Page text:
Young boy in confident pose, Centro Habana, Havana. December 2006.. Photo by Adam Jones Adam63, CC BY-SA 3.0 <>, via Wikimedia Commons

How do you gain confidence?

From time to time, I answer readers’ questions in my blog. Today’s question comes from Australian author Anne Howell, whose memoir All That I Forgot came out last year.

It’s a riveting read. As much thriller as memoir, her story starts with her waking in hospital with little or no memory of her past, including the birth of her daughter, a man who is said to be her husband, and a mysterious person she feels a deep longing for but is warned against?

But now Anne was faced with the launch of her book.

“Once I go through this experience,” she says, “I will no doubt be more confident about the process. Meanwhile I am preparing by asking people with expertise like yourself.”

There’s no doubt that confidence is important. An insecure speaker will communicate their uncertainties to listeners, while a confident one will communicate their confidence.

So, how do you get confidence? Over the years of public speaking, TV and radio interviews and my own book launches, I’ve developed a few confidence tricks that work for me.

Try them. They may work for you – and Anne.

1. Take action

The best way to distract yourself from the heebie-jeebies is to take action. From my experience, once you start something, most of those pre-action nerves drop away.

Winston Churchill used to say he was only anxious before he took a decision. Once he’d decided what to do, and started down the path, the nerves dropped away.

Of course, you could say that it’s fear of taking action that’s challenging your confidence in the first place. So the next tip is:

2. Take a very small action

What is the smallest, tiny step that you could take? Even if the start is extremely small, rule 1 will still take effect.

If you’re hesitating over making a phone call, that first action might be simply writing the phone number in your diary. If planning a book launch, your first step might be setting the date. Or listening to a podcast on book launches.

The trick is that the action should be so very, very small that you can’t not take it.

3. Prepare

Nothing gives confidence so much as good preparation.

Writing down what you want to say, planning what you want to do, researching the field, talking to those who’ve done it before, all these are great way of developing confidence, whatever you are facing.

Of course, you’ll have noticed that preparing is a form of taking action. If necessary, start with #2 – begin with a very small piece of preparation. Such as finding a pen and paper!

4. Limit your goals

Lack of confidence often comes from over-estimating what any event can achieve.

The reality is that your listeners will remember at best three key things that you say. I find knowing this is a great relief. You don’t have to cram ten or twelve ideas into their brains.

Decide what your three key takeaways are going to be and how you are going to communicate them. Keep them simple.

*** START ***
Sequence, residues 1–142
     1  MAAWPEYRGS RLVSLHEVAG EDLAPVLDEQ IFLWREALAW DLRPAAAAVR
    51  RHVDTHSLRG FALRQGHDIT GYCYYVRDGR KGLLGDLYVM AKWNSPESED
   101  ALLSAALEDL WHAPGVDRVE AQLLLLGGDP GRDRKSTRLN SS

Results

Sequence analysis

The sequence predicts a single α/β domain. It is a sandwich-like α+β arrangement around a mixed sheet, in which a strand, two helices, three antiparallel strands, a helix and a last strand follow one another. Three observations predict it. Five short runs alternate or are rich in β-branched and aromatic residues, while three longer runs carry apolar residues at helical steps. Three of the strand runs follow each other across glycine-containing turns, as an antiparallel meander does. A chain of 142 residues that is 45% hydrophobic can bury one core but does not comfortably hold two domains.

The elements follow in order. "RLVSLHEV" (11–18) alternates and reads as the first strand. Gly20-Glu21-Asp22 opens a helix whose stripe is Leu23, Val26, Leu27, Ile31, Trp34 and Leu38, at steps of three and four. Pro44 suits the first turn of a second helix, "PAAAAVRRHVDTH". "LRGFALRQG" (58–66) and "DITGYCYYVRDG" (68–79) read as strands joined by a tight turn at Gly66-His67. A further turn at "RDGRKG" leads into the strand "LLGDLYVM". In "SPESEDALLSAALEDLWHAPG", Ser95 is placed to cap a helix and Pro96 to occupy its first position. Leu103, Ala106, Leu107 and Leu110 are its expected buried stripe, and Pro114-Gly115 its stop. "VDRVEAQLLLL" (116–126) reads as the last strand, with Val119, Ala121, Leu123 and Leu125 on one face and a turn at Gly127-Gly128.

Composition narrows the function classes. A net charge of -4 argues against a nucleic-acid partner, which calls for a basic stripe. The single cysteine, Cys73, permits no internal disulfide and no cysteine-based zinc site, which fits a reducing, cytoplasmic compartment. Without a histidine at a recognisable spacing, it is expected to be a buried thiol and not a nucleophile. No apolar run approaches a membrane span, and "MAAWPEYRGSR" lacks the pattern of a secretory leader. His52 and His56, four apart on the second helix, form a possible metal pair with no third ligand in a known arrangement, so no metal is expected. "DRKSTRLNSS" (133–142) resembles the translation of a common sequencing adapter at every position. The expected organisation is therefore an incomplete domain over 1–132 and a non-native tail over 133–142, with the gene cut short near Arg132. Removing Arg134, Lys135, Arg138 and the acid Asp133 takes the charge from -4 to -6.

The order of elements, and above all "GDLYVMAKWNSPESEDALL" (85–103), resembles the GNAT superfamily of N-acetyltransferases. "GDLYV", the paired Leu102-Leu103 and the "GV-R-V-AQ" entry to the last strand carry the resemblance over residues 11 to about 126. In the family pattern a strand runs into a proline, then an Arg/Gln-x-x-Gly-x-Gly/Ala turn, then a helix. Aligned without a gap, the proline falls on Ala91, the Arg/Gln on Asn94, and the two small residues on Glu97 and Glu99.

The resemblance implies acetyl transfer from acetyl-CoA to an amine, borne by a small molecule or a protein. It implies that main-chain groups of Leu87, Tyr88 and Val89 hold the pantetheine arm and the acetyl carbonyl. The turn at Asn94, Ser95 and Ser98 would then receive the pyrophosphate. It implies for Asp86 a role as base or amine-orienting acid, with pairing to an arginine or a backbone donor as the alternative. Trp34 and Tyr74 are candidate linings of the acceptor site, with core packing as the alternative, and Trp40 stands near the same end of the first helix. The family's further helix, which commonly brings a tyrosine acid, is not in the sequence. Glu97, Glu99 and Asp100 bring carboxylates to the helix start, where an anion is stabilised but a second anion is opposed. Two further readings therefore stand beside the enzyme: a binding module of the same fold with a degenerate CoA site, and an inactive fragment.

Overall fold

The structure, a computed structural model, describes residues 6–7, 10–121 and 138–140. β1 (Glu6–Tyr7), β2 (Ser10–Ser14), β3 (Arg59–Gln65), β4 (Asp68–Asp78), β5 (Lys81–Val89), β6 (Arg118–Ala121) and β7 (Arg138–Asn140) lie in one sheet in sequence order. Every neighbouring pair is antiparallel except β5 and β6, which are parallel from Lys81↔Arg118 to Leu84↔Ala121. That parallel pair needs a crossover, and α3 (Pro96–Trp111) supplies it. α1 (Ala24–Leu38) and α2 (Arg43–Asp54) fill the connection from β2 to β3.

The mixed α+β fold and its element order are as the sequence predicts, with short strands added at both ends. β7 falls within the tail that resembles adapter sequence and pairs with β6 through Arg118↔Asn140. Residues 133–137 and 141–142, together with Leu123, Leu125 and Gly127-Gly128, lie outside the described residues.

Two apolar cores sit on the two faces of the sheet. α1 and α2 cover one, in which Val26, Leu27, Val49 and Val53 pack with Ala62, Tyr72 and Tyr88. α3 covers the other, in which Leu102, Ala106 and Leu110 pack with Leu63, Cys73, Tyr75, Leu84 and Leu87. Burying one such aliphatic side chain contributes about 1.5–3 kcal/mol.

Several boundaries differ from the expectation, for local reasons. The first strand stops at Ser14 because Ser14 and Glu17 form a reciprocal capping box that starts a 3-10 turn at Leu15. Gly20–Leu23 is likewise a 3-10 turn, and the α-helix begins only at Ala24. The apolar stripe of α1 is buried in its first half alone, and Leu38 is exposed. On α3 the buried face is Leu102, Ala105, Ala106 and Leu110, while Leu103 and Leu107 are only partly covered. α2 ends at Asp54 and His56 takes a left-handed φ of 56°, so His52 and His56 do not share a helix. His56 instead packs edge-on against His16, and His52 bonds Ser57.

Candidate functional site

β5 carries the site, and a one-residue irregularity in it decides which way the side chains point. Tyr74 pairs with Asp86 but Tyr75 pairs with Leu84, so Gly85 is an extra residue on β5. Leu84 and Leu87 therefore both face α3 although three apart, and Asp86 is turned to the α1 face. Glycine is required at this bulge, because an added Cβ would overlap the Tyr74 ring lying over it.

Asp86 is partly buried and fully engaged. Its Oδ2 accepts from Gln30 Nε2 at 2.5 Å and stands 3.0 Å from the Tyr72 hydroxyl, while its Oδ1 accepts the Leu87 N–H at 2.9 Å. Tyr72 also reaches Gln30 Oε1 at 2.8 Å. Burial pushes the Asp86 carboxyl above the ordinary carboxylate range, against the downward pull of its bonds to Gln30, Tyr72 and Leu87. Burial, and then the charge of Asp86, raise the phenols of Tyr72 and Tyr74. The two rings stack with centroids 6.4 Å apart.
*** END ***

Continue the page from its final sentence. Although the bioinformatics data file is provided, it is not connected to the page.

Linking each to a short personal story is often the most powerful way.

The rest is padding.

Then all you really have to remember is three ideas. Or write them down on a card.

5. Visualise

I’m a great believer in visualising. Not as some kind of magic, but as a way of building confidence. If planning a talk, going into a meeting, even writing a novel, visualise the actions – at least three times.

The first time, you don’t visualise yourself. You visualise an expert. Someone you know – or know of – who is brilliant at what you are planning to do. A great speaker, powerful negotiator, experienced novelist….

See them go through from start to finish. Bring it to life with all your senses – see them, hear them, even feel what they feel.

The second time, you visualise the same expert, but on this occasion you imagine they have your face!

The third time, you visualise once more – but now it’s you, seeing the event through your own eyes as you perform it from beginning to end.

If problems or anxieties come up – and they might – relax. Take a moment to imagine how the expert might deal with it.

If you can’t answer that, then go online and search. Professor Google will almost certainly have the solution somewhere.

6. Focus on the Why

Perhaps the most important tip of all. Have a really good reason for doing what you’re planning to do.

This could be money, fame, good health, whatever.

Ideally, though, it should also involve helping others. Is your talk going to help solve a problem people have? Will your negotiation lead to better things for the people you’re negotiating with? Will the book you want to write make readers think, laugh, cry, or simply have an enjoyable few hours?

If you have a powerful reason for doing something, then your energy will start to flow.

7. Realise that nerves aren’t nerves

When not writing I teach a martial art – Aikido. One important lesson I’ve learned is how to interpret feelings of stress.

The fact is that the body is very good at dealing with stress. It floods the bloodstream with chemicals designed to help us see more clearly and act more quickly.

But, without training, people tend to misinterpret these effects as nerves and anxiety. In fact, they aren’t nerves at all. They are the essentials of doing a good job.

If you feel “nerves”, get excited. It means you’re ready to act.

8. Allow yourself not to be perfect

You will make mistakes, fluff lines, stutter, hesitate, lose your place. We all do it… And it doesn’t matter.

You’ll pick yourself up. Keep going. Fall down again. And, each time your confidence will grow a little.

Just like a toddler learning to walk, eventually you’ll learn that falling down isn’t such a big deal.

But without it, you’d never get to walk at all.

Read More

All That I Forgot by Anne Howell

Small things can be important too

Improve your Mental Game